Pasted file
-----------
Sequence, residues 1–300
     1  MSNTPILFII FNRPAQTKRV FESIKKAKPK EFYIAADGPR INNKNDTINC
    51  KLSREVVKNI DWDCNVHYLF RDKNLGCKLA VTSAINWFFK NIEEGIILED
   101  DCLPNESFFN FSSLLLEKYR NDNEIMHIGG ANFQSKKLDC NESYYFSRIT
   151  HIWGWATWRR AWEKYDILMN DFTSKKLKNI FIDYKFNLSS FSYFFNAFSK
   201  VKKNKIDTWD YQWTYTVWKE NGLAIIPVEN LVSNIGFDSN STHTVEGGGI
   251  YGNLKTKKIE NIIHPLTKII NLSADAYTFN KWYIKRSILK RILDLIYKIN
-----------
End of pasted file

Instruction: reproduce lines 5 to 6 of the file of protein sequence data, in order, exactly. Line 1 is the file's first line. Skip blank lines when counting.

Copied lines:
   151  HIWGWATWRR AWEKYDILMN DFTSKKLKNI FIDYKFNLSS FSYFFNAFSK
   201  VKKNKIDTWD YQWTYTVWKE NGLAIIPVEN LVSNIGFDSN STHTVEGGGI